Brett Gelman has been in some of the greatest television of recent years. Fleabag? He played Sian Clifford’s repellent husband, Martin. The revival of Twin Peaks? A casino supervisor. Mad Men? One of the group therapy patients in the still-perfect series finale. And with his turn as Murray in Stranger Things, he has reached audiences beyond his wildest imagination. Now comes a further step into the mainstream: a movie about a singing crocodile, in which he plays a nosy neighbour called Mr Grumps.
“There is something really beautifully left of centre about this movie,” Gelman explains over Zoom from his hotel in Manchester. “Even though it’s a kids’ movie, there are major artistic choices being made. And the story itself is pretty bizarre, you know? It’s about a singing crocodile.”
The film in question is Lyle, Lyle, Crocodile, which might require some unpacking for British audiences. The picturebook that it’s based on – a 1965 Bernard Waber story about a crocodile who lives with some people – has become a Judith Kerr-level mainstay in the US, although it lacks much cultural cachet here. The movie adaptation, however, is a much larger affair. Lyle now sings, for example, and his former owner (played by Javier Bardem, in what might honestly be his second-best ever performance) has transformed into a kind of tragic and unreliable absentee father figure who may or may not be an alcoholic.
There are songs by the people who wrote The Greatest Showman, there’s a cute cat, there is an inexplicable amount of brown corduroy. Sadly, Mr Grumps is just about the only character who doesn’t get to sing. That must have hurt. “I would have loved to have done singing in it, but I’m not disappointed,” Gelman says. “But comedy is very musical in and of itself,” he adds, slowly at first. “So I did play an instrument. The instrument of comedy.”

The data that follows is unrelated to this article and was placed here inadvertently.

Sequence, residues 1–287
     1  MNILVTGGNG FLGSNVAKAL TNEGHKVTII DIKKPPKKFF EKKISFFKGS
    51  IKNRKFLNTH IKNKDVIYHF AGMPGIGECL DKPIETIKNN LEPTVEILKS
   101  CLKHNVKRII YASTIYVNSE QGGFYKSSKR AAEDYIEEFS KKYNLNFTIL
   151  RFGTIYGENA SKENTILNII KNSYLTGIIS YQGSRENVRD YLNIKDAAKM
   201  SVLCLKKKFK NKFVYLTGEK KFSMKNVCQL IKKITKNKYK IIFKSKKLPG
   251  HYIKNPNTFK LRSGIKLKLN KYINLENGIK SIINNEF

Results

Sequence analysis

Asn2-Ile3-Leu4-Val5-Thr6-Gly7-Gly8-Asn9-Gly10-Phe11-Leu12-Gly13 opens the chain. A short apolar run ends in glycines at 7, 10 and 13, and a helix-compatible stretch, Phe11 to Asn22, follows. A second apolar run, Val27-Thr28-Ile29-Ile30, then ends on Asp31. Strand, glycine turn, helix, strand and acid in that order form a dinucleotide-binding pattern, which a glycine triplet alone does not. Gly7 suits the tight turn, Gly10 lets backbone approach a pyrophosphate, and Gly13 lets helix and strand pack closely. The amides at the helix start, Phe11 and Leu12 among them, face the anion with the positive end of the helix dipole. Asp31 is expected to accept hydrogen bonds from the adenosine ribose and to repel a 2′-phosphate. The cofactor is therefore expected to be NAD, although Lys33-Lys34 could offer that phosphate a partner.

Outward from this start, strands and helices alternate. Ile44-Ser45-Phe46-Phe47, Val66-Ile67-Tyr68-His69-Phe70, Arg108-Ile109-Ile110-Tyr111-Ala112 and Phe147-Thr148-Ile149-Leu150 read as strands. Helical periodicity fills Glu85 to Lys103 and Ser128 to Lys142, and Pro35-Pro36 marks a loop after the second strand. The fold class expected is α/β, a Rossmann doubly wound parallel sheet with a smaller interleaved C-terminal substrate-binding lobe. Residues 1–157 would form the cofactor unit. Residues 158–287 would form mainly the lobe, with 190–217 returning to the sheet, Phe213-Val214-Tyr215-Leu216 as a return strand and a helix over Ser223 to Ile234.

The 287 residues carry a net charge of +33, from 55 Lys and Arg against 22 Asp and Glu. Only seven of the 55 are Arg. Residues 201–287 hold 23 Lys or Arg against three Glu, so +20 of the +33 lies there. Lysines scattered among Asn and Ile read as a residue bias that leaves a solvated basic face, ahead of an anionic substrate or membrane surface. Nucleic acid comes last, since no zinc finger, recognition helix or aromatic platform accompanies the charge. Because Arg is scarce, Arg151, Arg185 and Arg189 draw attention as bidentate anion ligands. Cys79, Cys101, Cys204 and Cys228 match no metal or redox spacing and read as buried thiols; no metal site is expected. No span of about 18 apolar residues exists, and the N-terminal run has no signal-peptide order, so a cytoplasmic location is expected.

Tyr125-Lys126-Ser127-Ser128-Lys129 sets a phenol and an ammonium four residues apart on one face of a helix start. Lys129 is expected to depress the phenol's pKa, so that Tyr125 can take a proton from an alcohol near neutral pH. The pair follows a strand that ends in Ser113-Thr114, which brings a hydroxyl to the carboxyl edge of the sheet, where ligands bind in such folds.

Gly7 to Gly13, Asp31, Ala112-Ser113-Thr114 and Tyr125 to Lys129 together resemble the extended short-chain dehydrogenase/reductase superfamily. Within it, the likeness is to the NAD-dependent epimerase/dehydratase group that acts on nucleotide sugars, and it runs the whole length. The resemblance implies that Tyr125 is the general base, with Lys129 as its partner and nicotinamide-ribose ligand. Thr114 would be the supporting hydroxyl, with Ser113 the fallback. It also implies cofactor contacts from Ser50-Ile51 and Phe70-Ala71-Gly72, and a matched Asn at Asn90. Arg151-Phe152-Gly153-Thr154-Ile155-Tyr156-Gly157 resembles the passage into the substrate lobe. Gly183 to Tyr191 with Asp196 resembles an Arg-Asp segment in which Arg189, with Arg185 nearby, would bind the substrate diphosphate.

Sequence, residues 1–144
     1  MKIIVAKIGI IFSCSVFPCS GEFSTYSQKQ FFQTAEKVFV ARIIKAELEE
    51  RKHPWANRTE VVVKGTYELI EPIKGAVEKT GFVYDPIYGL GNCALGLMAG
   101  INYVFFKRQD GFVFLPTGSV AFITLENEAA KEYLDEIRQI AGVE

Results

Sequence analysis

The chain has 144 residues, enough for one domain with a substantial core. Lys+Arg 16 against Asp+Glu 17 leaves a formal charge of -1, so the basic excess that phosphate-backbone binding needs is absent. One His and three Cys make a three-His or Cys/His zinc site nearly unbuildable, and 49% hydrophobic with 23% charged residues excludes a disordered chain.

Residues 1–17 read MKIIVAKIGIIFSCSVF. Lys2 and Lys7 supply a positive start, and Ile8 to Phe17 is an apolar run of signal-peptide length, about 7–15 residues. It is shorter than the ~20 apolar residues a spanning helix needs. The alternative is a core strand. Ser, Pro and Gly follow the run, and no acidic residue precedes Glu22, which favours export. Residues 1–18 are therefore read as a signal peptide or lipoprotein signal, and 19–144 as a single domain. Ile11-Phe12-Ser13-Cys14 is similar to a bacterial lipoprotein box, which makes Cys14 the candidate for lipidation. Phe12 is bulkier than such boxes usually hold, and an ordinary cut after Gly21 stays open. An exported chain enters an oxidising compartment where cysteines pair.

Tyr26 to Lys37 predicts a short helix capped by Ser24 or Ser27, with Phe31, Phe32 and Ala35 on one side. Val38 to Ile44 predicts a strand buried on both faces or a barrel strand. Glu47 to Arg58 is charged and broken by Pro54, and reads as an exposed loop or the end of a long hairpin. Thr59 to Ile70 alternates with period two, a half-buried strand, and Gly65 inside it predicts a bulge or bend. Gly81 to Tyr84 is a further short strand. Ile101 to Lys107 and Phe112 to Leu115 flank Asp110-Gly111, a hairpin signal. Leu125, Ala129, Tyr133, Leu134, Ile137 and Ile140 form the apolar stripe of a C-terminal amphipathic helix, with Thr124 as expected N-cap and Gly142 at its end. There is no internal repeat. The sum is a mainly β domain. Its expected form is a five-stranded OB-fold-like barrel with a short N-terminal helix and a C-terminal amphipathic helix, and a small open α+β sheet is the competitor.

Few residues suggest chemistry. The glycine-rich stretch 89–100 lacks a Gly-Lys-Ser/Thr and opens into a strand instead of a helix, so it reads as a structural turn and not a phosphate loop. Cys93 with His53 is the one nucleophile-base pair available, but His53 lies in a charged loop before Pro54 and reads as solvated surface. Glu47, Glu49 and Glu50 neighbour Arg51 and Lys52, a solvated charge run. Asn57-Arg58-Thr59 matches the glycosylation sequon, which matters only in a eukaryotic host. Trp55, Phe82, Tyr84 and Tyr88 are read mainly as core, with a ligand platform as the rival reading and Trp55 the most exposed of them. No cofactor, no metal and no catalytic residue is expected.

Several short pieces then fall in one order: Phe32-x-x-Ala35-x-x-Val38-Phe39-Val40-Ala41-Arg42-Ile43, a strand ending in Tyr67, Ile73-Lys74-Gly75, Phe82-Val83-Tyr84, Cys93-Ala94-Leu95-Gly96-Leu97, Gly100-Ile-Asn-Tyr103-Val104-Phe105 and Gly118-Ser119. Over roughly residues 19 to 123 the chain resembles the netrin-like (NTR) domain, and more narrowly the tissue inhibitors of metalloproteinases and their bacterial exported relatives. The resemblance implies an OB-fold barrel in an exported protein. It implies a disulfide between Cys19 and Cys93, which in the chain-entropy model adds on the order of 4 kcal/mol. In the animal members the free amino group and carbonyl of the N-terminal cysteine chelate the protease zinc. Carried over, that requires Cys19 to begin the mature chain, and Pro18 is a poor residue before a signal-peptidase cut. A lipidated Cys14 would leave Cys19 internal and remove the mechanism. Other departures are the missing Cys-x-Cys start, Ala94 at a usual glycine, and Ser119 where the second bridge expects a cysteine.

He then proceeds to write the next part of my article for me. “Brett Gelman is an instrument of comedy, an instrument of so many things. An instrument of emotion, an instrument of pathos, an instrument of the collective unconscious.”
If you’re a fan of Gelman’s comedy – he spent his pre-breakthrough years gaining substantial notoriety with his standup, podcasts and Adult Swim projects – you’ll recognise his tone. Throughout the interview attempts to answer everything sincerely but, with the lightest of egging on, elaborately trashes everything he just said for a faux vainglorious gag.
A case in point. We’re discussing Mr Grumps, ostensibly the villain of Lyle, Lyle, Crocodile. “There’s something very elitist about and curmudgeonly about him, you know?” Gelman begins earnestly. “I mean, he’s a classic like New York shut-in.”
Yes, but what was his crime in the film? Not wanting to share an apartment building with a family who keep a real live crocodile as a pet? That sounds like a perfectly reasonable response, surely. “You’re absolutely right,” he says. “That family is disgusting. I am the hero of the movie. It’s really a tragedy. I’m publicly humiliated, and they let this ridiculous creature just live in an apartment. I mean, at least get him a house. Get him a nice house in Woodstock or something. He deserves more space. This crocodile is victimised. I think that if Mr Grumps and Lyle got together they would really find a lot in common. They would help each other out and maybe that’s the sequel. I think we’re on to something here.”
One of the key themes of the film is that, although people are justifiably terrified when they first encounter Lyle, they quickly warm to him once he starts singing to them. Would that tactic work in real life? “Oh, I’d love it,” Gelman maintains. “I’d be like, holy shit, this is the best thing I’ve ever seen. This is incredible. Move in. You know, don’t eat my dogs, please. But he doesn’t even need to pay for food. I’ve got money now.”